A symbol can serve as the name of a function. This happens when the symbol’s function cell (see Symbol Components) contains a function object (e.g., a lambda expression). Then the symbol itself becomes a valid, callable function, equivalent to the function object in its function cell.
The contents of the function cell are also called the symbol’s function definition. The procedure of using a symbol’s function definition in place of the symbol is called symbol function indirection; see Function Indirection. If you have not given a symbol a function definition, its function cell is said to be void, and it cannot be used as a function.
In practice, nearly all functions have names, and are referred to by
their names. You can create a named Lisp function by defining a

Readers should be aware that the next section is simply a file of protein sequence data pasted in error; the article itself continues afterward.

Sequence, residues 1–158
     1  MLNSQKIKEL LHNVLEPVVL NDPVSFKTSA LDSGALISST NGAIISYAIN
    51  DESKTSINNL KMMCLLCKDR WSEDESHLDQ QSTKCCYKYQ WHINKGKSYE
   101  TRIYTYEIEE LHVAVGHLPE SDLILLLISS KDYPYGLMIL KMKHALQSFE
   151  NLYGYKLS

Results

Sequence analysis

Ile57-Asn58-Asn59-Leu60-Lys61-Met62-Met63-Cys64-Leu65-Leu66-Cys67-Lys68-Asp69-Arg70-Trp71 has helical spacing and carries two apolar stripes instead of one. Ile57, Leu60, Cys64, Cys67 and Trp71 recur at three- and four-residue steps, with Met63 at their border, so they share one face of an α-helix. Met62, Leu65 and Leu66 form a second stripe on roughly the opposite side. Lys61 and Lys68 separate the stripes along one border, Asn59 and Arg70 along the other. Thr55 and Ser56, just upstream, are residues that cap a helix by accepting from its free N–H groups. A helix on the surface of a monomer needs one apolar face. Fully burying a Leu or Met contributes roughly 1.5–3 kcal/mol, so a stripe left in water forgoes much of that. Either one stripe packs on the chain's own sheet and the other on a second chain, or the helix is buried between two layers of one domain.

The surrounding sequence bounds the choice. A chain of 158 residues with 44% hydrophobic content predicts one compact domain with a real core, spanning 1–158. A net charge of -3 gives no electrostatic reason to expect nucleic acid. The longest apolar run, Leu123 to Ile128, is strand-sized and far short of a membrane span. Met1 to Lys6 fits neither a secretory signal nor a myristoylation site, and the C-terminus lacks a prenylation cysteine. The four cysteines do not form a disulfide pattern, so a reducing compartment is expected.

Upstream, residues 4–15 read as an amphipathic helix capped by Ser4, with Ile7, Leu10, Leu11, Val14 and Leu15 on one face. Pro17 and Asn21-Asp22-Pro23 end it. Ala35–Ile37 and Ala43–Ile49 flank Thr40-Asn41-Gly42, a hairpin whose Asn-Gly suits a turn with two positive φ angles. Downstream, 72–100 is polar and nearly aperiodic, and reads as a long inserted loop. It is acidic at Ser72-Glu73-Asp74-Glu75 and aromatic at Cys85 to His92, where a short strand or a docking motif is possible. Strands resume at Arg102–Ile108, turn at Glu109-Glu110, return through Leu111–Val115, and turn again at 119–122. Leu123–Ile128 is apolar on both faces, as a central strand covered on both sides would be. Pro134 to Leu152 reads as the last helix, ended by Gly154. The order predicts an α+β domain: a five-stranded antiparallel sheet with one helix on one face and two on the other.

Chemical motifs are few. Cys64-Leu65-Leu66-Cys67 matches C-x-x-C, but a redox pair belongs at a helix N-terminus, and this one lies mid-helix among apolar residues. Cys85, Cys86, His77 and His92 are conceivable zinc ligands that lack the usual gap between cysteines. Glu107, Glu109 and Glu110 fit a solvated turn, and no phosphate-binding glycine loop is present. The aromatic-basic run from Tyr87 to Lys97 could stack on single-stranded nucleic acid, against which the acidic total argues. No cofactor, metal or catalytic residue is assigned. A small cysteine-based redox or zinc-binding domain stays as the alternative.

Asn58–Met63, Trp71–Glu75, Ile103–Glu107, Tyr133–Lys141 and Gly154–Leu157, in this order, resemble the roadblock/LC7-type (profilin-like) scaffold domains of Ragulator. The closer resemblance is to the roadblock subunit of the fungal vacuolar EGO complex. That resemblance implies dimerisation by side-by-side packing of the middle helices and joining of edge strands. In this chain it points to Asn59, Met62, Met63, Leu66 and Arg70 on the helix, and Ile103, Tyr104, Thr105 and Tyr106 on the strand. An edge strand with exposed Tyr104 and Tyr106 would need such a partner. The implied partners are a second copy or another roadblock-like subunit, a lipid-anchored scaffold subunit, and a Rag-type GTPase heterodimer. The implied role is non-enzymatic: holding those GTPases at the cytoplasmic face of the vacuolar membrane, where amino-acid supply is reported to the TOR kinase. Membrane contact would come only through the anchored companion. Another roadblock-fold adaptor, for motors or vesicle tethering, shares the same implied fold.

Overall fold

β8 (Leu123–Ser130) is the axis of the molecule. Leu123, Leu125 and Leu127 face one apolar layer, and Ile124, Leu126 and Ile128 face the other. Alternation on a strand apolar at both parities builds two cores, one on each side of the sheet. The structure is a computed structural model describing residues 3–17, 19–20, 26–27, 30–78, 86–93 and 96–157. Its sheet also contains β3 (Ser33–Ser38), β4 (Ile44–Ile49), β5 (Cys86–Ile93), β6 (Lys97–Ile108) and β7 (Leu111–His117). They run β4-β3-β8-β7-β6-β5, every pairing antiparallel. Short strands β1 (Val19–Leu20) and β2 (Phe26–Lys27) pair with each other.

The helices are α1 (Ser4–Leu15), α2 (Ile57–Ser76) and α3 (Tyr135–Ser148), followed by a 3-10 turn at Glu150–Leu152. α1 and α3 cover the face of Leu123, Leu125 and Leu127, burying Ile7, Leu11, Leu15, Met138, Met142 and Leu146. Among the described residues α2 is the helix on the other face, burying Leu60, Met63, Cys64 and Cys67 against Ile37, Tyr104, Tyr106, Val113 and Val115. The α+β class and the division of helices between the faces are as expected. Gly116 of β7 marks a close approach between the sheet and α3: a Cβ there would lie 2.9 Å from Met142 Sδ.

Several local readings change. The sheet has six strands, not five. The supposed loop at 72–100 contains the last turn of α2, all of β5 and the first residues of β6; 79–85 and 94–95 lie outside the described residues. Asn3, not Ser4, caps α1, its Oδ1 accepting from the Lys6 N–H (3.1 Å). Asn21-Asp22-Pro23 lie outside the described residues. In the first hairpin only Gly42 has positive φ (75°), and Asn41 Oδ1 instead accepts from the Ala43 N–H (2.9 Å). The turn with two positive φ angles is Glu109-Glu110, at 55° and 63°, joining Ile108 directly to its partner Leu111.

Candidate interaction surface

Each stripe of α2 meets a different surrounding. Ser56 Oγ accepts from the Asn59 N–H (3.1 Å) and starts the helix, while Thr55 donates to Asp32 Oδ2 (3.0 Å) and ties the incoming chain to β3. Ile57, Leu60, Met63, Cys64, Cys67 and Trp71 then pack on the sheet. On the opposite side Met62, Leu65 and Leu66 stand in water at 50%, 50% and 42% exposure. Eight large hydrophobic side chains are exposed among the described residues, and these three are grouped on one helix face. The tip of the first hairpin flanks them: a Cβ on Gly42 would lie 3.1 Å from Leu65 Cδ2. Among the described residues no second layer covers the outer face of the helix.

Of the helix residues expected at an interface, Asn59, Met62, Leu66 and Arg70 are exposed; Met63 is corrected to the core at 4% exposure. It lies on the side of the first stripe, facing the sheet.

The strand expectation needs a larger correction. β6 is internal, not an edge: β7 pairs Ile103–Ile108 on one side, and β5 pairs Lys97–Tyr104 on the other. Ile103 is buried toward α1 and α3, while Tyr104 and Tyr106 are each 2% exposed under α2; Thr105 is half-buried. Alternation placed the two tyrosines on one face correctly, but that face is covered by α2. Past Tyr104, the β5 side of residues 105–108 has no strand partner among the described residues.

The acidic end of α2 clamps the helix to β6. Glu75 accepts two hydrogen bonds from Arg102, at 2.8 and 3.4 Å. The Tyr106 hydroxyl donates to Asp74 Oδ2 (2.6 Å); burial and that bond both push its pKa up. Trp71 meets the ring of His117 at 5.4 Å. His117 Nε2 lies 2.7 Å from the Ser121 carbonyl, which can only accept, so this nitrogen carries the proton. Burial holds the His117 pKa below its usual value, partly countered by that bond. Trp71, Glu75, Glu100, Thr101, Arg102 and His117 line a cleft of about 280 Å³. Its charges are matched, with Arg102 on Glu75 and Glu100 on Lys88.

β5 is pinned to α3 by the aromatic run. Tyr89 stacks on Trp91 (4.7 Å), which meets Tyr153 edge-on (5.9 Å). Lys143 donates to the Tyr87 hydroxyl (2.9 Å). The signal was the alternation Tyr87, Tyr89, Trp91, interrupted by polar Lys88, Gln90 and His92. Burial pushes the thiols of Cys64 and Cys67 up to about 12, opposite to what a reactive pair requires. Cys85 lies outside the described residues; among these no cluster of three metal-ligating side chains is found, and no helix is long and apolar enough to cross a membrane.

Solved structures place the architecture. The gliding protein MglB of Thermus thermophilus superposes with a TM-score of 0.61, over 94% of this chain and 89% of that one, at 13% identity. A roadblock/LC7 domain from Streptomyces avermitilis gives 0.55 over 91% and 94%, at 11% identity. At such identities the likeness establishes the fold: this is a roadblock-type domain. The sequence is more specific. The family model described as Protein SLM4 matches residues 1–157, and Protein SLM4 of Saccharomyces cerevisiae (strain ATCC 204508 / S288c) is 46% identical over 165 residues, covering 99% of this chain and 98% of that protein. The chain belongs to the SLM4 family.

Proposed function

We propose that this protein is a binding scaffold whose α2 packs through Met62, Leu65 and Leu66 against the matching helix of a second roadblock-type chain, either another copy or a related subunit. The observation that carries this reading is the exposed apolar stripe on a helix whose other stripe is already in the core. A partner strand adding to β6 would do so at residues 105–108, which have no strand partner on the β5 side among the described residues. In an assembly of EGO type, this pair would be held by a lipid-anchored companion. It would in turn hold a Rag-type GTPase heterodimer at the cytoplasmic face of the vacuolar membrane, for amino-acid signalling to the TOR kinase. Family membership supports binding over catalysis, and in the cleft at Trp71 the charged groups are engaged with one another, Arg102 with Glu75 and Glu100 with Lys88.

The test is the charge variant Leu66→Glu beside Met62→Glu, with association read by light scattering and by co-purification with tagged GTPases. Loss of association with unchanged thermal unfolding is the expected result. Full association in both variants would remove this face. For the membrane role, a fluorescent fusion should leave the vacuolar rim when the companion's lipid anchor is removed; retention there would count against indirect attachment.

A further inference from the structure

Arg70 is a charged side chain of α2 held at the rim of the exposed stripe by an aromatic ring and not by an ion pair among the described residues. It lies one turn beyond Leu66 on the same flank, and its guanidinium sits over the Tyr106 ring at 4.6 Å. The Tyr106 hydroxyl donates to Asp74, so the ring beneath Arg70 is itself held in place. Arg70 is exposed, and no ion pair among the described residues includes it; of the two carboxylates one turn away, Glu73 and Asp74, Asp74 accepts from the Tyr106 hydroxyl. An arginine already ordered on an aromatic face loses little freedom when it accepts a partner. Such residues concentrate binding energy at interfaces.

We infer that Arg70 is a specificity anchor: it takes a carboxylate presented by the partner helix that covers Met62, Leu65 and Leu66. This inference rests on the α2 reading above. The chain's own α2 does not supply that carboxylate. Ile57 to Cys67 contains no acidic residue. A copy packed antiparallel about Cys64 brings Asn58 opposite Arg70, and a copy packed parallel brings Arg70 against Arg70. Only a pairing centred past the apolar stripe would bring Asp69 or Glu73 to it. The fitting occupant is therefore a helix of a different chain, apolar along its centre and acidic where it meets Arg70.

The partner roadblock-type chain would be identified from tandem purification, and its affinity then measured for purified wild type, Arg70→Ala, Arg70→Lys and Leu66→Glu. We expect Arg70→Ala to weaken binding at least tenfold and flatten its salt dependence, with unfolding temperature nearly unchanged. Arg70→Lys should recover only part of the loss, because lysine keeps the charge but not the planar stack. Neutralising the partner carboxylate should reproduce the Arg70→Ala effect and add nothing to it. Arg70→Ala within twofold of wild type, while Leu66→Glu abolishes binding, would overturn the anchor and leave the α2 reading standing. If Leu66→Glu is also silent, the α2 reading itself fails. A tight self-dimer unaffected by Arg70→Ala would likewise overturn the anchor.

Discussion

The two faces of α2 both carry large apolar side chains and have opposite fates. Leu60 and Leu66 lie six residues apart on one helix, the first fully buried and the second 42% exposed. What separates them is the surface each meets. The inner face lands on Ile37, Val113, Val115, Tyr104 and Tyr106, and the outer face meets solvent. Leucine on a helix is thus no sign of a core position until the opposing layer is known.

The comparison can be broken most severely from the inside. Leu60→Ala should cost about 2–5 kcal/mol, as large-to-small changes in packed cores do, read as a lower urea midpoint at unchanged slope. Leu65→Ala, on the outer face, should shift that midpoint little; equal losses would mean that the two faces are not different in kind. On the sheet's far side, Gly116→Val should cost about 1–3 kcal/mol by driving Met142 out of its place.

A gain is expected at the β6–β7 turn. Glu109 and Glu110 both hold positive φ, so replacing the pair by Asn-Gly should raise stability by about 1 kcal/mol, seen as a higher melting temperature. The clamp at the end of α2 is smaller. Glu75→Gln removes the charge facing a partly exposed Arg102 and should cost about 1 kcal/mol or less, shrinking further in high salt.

lambda expression and putting it in a function cell (see Function Cells). However, it is more common to use the
form, described in the next section.
See Defining Functions.
We give functions names because it is convenient to refer to them by their names in Lisp expressions. Also, a named Lisp function can easily refer to itself—it can be recursive. Furthermore, primitives can only be referred to textually by their names, since primitive function objects (see Primitive Function Type) have no read syntax.
A function need not have a unique name. A given function object
usually appears in the function cell of only one symbol, but
this is just a convention. It is easy to store it in several symbols
fset; then each of the symbols is a valid name for the
Note that a symbol used as a function name may also be used as a variable; these two uses of a symbol are independent and do not conflict. (This is not the case in some dialects of Lisp, like Scheme.)